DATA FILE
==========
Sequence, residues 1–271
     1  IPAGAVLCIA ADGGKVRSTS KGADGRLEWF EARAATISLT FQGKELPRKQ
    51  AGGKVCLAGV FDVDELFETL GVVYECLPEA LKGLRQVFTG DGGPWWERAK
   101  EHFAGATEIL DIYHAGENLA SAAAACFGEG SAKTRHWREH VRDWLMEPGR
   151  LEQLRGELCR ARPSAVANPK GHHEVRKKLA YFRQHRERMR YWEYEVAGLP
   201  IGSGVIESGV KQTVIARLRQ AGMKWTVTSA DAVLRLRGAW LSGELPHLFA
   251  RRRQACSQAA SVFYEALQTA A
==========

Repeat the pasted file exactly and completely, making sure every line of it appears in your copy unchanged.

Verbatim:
Sequence, residues 1–271
     1  IPAGAVLCIA ADGGKVRSTS KGADGRLEWF EARAATISLT FQGKELPRKQ
    51  AGGKVCLAGV FDVDELFETL GVVYECLPEA LKGLRQVFTG DGGPWWERAK
   101  EHFAGATEIL DIYHAGENLA SAAAACFGEG SAKTRHWREH VRDWLMEPGR
   151  LEQLRGELCR ARPSAVANPK GHHEVRKKLA YFRQHRERMR YWEYEVAGLP
   201  IGSGVIESGV KQTVIARLRQ AGMKWTVTSA DAVLRLRGAW LSGELPHLFA
   251  RRRQACSQAA SVFYEALQTA A